One of Verdi’s last two operas is a tragedy, the other a comedy. Mozart’s Don Giovanni is a tragicomedy. Shakespeare wrote comedies, tragicomedies, and tragedies, including the incredibly dark King Lear. These works were all written to captivate an audience in the theater.
All these works were shaped, as Kenneth Burke has written, with the psychology of the audience in mind. In his essays Burke details various ways that Shakespeare shaped his plays to create an appetite in the mind of his auditors—an appetite to experience how this play will progress—and then proceeded to ingeniously satisfy that appetite.
In that same spirit, I strive to shape expressive results that depend on creating listener expectations. I work within hierarchical frameworks and familiar contexts that encourage anticipations, and then work to satisfy those anticipations in unexpected ways.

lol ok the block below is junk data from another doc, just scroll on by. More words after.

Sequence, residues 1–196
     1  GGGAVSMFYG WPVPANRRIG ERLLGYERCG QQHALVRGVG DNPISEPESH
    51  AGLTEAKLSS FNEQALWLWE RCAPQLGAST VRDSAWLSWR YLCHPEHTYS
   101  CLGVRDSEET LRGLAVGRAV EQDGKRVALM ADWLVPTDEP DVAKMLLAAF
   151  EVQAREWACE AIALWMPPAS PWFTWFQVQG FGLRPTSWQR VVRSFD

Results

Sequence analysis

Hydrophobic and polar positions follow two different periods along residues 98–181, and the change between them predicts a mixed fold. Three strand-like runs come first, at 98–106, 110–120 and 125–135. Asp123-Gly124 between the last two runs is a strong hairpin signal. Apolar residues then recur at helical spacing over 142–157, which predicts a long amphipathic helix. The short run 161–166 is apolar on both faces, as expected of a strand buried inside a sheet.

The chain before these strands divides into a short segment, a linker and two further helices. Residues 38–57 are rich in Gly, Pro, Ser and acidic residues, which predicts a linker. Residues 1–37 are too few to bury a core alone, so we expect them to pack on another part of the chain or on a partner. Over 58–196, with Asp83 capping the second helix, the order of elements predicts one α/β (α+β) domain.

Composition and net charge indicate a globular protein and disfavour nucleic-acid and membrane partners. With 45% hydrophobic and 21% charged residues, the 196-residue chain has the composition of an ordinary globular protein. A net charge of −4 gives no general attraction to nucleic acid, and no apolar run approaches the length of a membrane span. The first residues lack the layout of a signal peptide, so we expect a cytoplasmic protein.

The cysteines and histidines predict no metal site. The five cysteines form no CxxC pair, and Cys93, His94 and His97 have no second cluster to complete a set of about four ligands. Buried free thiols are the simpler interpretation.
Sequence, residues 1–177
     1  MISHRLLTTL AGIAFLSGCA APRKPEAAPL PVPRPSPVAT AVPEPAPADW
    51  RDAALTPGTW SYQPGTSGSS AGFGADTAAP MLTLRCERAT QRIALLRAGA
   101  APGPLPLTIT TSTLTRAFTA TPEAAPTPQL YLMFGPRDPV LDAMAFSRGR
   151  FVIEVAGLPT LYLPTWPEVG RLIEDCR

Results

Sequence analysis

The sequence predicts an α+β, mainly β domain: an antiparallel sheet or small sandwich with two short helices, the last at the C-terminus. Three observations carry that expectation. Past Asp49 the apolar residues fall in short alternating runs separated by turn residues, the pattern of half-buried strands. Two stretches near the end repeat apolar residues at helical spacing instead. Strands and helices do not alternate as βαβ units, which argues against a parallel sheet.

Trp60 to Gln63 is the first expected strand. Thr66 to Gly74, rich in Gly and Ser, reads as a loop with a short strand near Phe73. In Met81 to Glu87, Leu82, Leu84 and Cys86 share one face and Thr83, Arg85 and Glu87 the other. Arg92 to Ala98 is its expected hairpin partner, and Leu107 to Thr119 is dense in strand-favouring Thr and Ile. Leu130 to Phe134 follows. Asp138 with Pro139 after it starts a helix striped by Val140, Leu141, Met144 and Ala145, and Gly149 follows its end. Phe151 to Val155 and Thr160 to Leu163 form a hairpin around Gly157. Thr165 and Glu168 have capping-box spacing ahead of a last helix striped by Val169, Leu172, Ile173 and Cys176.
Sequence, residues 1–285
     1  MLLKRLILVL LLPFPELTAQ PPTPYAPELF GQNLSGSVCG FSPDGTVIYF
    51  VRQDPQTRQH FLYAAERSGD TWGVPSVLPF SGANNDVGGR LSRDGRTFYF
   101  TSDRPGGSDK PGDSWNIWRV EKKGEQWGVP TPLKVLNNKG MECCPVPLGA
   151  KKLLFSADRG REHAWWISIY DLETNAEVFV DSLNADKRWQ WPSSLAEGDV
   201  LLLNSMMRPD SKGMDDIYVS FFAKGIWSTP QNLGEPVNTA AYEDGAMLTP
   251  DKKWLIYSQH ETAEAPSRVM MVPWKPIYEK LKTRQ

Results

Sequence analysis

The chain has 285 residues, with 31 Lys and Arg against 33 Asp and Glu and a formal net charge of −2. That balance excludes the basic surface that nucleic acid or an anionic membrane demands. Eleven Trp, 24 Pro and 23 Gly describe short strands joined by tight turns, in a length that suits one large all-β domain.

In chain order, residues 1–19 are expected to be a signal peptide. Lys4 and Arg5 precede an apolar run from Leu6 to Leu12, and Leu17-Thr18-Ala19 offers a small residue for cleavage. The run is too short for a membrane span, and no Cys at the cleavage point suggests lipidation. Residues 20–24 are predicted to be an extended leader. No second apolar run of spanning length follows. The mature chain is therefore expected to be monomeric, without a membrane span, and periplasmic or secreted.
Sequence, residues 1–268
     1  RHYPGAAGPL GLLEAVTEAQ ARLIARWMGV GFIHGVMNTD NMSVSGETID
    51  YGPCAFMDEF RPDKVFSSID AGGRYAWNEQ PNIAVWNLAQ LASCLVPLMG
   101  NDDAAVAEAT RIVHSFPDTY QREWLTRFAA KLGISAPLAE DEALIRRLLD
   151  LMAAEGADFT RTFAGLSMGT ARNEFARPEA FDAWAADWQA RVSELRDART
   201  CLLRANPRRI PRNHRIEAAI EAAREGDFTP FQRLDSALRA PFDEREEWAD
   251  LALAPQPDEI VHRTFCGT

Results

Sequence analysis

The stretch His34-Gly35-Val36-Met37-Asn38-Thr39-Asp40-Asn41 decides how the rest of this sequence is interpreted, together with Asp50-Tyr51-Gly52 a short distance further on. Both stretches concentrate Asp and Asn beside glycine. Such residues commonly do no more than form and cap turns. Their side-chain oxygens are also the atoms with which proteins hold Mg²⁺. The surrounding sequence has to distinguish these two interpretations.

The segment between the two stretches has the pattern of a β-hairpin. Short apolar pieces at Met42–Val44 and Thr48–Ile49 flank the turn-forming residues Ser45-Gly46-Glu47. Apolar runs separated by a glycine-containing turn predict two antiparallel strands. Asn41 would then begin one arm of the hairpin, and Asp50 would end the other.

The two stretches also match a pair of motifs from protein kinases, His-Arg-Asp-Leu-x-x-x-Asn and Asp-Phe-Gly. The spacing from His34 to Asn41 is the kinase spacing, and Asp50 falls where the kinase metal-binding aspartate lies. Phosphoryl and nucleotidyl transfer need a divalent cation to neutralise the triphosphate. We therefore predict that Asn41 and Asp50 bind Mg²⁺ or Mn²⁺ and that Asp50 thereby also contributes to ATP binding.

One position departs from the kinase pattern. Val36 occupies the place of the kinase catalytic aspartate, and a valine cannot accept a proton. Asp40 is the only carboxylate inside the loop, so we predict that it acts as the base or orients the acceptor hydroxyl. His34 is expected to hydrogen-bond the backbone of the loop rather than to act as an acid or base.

For example, in one situation I might use pitch and rhythmic patterns that suggest tango music. Then, having triggered expectations based on tango-like frameworks, I can use unanticipated swerves and changes of tone to open up a full spectrum of expression—from playful to tragic. For my purposes, whatever a passage of music needs to do at any given moment—whether to whisper, roar, rage, sing, charge, hesitate, or dance seductively—it needs to do so fervently.